“She’s a perfectly straightforward, normal, shy, quiet, you-probably-wouldn’t-notice-her-walking-past-her, introverted, devoted wife,” says Colman. “Yes, they did murder people, and they did get away with it for 15 years. So, you automatically go, ‘Bad! Oh, awful people!’ But then you look in to it more and you see that they are two gentle people who are very devoted to each other, and in love – and you don’t know what happened that night [when Susan Edwards’ parents were murdered].”
Sinclair’s script looks at Susan’s early life and offers up some mitigating circumstances.
Olivia Colman and her husband Ed Sinclair arrive at the Oscars in February 2019. Credit:AP
“The fact that there’s historical abuse, that she was abused by her father: that does something to a person,” says Colman. “We know now that if this happens to you as a child it might not come out until you’re an adult. But for some reason in Susan’s case that was thrown out of court as impermissible evidence, as historical abuse or something. I think Ed [Sinclair], as an empathetic person, thought, ‘they can’t just be baddies,’ and wanted to tell a story. I don’t know what any of us would do in those situations.”
Even so, what Colman has described so far is still basically another “true crime” piece – the genre that, emboldened by a series of podcasts-turned-exhaustively-detailed Netflix series now has an established grammar all its own. Landscapers, Colman is keen to point out, is not one of those series.
“There’s intrigue, there’s crime – but then it goes quite fantastical – they all become cowboys, for example [in homage to the Edwards’ fascination with Gary Cooper]. It’s sumptuous; there’s so much in it, so much imaginative stuff at play. It’s not your average true crime drama. As you can tell, I don’t really know how to describe it because I haven’t seen anything like it before. I’m so excited.”
It’s indisputable that by now, six years after Sinclair first heard the Edwards’s story and decided to dig a little deeper, it’s his wife who has the industry clout. She admits that, as with any couple, going into business with your partner can be tough.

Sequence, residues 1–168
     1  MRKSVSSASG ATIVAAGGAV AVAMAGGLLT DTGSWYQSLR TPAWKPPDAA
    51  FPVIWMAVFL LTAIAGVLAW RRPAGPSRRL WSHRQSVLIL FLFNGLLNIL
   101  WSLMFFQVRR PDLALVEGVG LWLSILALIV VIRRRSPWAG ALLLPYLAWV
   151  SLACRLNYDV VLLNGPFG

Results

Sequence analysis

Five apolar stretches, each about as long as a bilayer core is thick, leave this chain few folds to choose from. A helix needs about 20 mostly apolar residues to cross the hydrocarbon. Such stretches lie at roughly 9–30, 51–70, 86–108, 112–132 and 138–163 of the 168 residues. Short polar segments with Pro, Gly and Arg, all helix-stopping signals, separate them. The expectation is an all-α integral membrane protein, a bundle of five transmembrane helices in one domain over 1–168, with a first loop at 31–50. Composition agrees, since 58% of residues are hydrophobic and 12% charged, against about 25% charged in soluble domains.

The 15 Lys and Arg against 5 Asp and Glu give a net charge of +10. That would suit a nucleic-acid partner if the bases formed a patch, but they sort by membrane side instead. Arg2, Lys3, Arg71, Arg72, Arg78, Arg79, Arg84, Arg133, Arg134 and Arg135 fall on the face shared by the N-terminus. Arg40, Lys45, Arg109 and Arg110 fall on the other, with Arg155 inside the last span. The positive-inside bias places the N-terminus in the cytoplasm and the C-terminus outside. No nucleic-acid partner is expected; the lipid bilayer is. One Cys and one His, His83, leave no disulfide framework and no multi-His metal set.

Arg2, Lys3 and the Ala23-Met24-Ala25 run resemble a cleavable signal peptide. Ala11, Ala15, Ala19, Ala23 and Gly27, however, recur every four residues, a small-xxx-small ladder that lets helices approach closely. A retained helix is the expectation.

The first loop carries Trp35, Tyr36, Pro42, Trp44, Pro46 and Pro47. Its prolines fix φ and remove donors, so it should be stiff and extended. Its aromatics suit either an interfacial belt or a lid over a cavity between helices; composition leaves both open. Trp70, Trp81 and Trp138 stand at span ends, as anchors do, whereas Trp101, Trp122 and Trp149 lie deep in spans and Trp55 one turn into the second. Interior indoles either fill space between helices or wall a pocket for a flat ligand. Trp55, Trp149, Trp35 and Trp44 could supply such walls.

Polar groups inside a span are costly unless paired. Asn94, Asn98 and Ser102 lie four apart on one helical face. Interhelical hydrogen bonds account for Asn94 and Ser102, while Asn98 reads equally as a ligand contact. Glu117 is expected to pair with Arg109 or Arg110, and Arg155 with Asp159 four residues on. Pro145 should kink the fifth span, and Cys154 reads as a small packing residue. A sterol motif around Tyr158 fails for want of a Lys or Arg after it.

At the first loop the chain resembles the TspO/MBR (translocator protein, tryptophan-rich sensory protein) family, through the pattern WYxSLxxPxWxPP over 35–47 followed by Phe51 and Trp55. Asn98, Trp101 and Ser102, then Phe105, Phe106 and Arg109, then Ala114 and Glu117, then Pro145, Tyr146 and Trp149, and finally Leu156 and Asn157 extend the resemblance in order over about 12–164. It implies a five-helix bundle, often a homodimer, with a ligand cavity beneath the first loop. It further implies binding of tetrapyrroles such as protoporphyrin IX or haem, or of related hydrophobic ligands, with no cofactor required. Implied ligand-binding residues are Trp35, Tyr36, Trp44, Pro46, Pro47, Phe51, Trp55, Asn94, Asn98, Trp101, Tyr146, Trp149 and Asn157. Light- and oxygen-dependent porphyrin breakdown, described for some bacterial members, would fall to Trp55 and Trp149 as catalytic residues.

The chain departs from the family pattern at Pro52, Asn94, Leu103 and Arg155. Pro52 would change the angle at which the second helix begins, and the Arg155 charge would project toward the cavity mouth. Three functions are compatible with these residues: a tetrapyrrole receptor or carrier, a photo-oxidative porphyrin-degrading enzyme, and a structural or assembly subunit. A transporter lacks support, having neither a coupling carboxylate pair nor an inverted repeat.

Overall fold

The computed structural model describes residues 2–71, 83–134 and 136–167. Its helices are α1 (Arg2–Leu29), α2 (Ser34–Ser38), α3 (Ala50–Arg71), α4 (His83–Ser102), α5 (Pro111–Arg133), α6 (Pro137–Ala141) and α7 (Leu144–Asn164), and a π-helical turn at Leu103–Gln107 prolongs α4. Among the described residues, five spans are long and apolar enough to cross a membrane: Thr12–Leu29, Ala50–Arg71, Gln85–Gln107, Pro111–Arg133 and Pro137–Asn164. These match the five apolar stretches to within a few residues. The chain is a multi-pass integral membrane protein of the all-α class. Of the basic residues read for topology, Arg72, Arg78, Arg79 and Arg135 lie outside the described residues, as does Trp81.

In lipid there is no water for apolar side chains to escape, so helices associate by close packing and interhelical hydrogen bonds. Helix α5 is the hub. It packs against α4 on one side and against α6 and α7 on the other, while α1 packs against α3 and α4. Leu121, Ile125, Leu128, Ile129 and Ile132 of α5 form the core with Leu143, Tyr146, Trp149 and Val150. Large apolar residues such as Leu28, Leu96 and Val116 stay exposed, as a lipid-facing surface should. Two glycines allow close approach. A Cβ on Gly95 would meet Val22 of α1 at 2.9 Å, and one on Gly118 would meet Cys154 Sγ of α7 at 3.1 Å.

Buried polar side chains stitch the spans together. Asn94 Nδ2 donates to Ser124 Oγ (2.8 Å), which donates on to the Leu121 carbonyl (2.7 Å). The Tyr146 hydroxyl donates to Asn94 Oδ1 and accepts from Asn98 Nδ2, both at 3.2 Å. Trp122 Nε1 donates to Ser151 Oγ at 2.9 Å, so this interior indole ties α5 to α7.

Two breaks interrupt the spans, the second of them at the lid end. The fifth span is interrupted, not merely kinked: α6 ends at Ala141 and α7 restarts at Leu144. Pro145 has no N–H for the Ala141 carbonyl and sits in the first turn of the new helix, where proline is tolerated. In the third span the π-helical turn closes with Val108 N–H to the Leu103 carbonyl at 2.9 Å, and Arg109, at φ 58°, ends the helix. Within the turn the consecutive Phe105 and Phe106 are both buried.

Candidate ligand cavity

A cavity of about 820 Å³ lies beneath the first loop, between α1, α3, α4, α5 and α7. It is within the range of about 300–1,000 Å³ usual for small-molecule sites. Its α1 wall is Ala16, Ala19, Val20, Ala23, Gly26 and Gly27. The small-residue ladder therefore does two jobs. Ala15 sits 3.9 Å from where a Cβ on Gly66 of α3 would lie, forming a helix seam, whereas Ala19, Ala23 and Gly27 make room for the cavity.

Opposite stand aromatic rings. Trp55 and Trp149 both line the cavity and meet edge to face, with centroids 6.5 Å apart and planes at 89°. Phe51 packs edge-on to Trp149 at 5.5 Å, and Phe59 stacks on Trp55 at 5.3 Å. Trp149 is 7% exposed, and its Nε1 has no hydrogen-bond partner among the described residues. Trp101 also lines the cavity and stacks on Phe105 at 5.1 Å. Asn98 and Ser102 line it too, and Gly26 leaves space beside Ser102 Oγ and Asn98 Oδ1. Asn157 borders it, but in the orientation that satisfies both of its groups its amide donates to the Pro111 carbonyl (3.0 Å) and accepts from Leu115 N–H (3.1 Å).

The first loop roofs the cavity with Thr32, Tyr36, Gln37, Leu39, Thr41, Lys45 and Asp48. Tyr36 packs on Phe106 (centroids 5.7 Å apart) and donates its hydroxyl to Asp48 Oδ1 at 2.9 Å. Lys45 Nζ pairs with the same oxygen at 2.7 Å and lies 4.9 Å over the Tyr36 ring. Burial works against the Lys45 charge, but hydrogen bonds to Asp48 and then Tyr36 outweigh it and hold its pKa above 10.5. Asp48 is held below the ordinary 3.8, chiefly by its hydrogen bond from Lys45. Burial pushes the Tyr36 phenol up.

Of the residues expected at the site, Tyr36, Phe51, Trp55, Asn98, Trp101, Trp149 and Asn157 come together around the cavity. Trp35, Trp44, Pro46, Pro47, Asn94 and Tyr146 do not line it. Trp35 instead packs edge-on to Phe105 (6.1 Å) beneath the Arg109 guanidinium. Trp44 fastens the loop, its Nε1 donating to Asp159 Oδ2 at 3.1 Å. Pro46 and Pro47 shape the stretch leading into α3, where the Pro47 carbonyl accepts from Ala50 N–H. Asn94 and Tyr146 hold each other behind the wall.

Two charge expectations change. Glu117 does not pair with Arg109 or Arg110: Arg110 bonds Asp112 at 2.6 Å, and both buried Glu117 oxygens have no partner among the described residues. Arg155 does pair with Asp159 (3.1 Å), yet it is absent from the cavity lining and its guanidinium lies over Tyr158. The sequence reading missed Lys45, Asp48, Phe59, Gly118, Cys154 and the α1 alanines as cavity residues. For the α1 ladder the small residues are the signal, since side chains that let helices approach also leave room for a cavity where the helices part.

“It’s a learning curve but we sort of left each other alone – he has his job and I have my job. So for example he’s seen all of it, but he’s never told me what he thinks of my performance. We’re very honest about how this wouldn’t happen in a normal writer/actor relationship, so I don’t want to change that. I like our roles being separate. I think we both admire what the other one does – I love Ed’s writing, but I wouldn’t dare to get into his writing process. And God help him if he tried to tell me how to do what I do…”
But she admits that the partnership between an Oscar-winning actress and a first-time writer might raise some eyebrows. As with her character in The Favourite, who would want to be the one to tell screen queen Olivia that her beloved husband’s work wasn’t up to snuff? In that sense, she says, Landscapers has brought her some vindication.
“I’ve watched Ed work away at this for years,” she says. “And absolutely, if he wrote me anything, I would do it again because I love his writing. I’ve always been his biggest fan. What’s lovely is that the first time he showed people the script for Landscapers they went, ‘Oh… Oh! Bloody hell, it’s amazing!’ ‘I knew it!’ I said to them – ’You see? I told you so!”
And these days, when Olivia Colman tells you so, it’s best to listen.
Landscapers is on Stan from Wednesday, December 8.